If you're old enough to remember begging to stay up late in the late 1970s, then you're probably somewhat familiar with the term Devil Dog: The Hound of Hell. And no, it's not about a mass-produced pastry snack that you'll find at your corner supermarket.
Devil Dog: The Hound of Hell (damn, it's fun just to type it!) is a made for TV horror flick that aired on Halloween Night, 1978. It's notable in that it stars the always-cool Richard Crenna, the lovely yet difficult-to-pronounce Yvette Mimieux*, both of the Witch Mountain kids, and a really cute German Shepard pooch who, you guessed it, is the actual canine spawn of doggie Satan. Or something like that.
(*To me she'll always be the scantily-clad super-hottie from the original Time Machine.)
Barely over their brief moment of sorrow for a family dog found dead in the street, the Barrys welcome Lucky the Puppy into their Bradyesque home. Unfortunately the kids neglect to tell Mom & Dad that Lucky was given to them by character actor R.G. Armstrong, which (as everyone knows) means that the dog must be evil in some way, shape or form.
And boy is he. Lucky kills nosey neighbors and their Marmaduke mutts, inspires Mr. Barry to consider sticking his hand into a powered-up lawn mower, and also turns Mrs. Barry into a serious slut. Seriously, the dog somehow turns a suburban soccer mom into a cheating whore; it'd be creepy if it weren't so stupid.
And there, schlock-fans, is the all-encompassing truism regarding Devil Dog: The Hound of Hell: It could be pretty creepy ... if it weren't so darn stupid.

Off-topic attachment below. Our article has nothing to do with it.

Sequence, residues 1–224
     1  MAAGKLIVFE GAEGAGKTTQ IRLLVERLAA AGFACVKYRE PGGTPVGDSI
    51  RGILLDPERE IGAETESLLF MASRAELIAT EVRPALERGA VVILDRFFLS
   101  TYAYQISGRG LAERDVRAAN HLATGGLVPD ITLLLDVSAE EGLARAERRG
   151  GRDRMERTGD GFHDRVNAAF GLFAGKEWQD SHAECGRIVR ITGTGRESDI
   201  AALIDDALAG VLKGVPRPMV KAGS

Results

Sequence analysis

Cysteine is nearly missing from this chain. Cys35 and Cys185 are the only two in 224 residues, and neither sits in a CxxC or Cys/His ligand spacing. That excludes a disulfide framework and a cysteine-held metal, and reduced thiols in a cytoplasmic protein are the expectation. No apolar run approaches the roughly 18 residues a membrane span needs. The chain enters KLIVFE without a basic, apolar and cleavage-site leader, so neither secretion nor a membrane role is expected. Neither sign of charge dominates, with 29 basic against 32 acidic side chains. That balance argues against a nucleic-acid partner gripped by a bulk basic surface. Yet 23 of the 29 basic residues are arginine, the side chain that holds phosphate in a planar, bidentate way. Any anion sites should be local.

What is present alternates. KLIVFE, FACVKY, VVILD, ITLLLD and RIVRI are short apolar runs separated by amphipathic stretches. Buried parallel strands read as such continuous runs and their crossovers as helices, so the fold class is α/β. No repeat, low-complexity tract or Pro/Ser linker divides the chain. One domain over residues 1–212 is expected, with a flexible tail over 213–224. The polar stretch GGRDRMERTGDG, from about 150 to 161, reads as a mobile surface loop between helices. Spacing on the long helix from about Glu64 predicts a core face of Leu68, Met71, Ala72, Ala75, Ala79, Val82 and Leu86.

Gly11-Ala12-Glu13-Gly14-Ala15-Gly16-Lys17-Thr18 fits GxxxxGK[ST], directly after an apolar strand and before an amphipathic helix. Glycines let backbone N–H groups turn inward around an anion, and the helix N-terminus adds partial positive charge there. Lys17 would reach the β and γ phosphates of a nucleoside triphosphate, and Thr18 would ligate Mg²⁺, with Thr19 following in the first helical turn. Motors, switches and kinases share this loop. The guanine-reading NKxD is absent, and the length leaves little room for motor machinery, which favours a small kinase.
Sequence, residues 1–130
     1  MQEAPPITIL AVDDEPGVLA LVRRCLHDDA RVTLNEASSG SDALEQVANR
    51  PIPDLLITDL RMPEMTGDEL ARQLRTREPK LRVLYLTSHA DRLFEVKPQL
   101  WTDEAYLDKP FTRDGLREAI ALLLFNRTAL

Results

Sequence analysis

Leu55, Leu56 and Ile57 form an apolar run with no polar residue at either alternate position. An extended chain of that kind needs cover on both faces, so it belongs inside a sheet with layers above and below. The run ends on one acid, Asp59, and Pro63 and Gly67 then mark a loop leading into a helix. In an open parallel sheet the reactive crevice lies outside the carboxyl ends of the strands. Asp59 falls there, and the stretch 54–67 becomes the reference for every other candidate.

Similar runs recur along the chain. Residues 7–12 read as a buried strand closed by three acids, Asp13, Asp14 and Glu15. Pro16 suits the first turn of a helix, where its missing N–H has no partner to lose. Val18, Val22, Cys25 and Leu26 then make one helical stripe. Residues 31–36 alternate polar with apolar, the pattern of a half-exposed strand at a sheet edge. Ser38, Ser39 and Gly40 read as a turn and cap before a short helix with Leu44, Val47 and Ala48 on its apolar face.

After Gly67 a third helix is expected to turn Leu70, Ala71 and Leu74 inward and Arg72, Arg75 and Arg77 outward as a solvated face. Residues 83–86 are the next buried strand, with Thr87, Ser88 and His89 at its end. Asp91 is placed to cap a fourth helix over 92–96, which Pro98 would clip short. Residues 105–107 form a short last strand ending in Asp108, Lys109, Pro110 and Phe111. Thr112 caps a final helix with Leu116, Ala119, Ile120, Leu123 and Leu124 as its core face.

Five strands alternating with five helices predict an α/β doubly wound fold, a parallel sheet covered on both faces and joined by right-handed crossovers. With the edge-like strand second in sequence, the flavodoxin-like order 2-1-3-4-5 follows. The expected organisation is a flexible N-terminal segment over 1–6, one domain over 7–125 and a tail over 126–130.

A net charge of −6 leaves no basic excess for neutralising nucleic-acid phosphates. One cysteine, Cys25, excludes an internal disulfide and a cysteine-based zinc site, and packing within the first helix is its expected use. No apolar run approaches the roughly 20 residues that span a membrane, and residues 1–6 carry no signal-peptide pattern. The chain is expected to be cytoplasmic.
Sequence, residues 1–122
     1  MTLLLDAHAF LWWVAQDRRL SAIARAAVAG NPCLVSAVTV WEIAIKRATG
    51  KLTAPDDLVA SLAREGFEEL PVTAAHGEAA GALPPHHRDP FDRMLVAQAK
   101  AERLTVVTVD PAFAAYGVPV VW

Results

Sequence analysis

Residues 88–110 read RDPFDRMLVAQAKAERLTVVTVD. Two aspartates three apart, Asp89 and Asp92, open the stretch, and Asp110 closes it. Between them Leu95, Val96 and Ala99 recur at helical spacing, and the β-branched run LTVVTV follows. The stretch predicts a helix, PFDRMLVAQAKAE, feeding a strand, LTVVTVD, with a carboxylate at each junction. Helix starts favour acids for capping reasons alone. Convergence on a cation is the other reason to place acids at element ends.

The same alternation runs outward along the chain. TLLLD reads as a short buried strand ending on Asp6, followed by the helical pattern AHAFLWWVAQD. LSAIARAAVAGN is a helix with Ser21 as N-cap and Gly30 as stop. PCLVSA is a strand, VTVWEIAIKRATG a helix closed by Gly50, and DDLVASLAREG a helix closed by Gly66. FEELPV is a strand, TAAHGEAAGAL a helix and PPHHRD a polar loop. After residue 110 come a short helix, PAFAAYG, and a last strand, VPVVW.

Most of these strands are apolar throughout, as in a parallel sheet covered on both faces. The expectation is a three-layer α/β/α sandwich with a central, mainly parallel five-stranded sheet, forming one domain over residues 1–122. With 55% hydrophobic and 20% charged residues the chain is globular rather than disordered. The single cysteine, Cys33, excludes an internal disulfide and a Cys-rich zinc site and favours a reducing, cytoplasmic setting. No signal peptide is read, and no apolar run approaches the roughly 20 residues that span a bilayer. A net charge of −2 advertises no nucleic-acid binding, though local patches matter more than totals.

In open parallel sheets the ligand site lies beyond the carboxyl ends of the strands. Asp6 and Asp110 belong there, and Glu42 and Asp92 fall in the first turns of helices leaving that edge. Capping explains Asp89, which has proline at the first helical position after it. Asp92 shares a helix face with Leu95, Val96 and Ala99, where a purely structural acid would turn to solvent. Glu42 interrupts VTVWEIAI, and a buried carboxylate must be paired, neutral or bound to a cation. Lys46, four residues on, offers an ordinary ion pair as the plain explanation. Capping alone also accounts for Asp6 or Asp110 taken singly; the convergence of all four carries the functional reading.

Let's start with the dog. It's a plain old dog. He's entirely adorable and sweet. How this pooch is meant to caninify the pinnacle of all things evil, I've no idea. It's a dog.
Then there's the magical stuff. Tell me the movie's about a satanic dog who eats people and I'm right there with you. Tell me the movie's about a dog who can inspire a woman to sleep around and two kids to finger-paint evil images before morphing into a mega-matte painting dog-creature with a Liza Minnelli wig on its head ... and I'm lost. Devil Dog has officially shifted over into the surrealist category.
Which is why, I suppose, the movie's being released on DVD in the first place. There's a lot of fun-loving horror fans who enjoy nothing more than pulling the bong out of the closet, ordering a pizza, and spinning Devil Dog: The Hound of Hell while pointing, laughing, and mind-boggling at the sheer awfulness of the onscreen presentation. Truly "so bad it's good," Devil Dog: The Hound of Hell is funnier than most of what passes for actual comedy these days.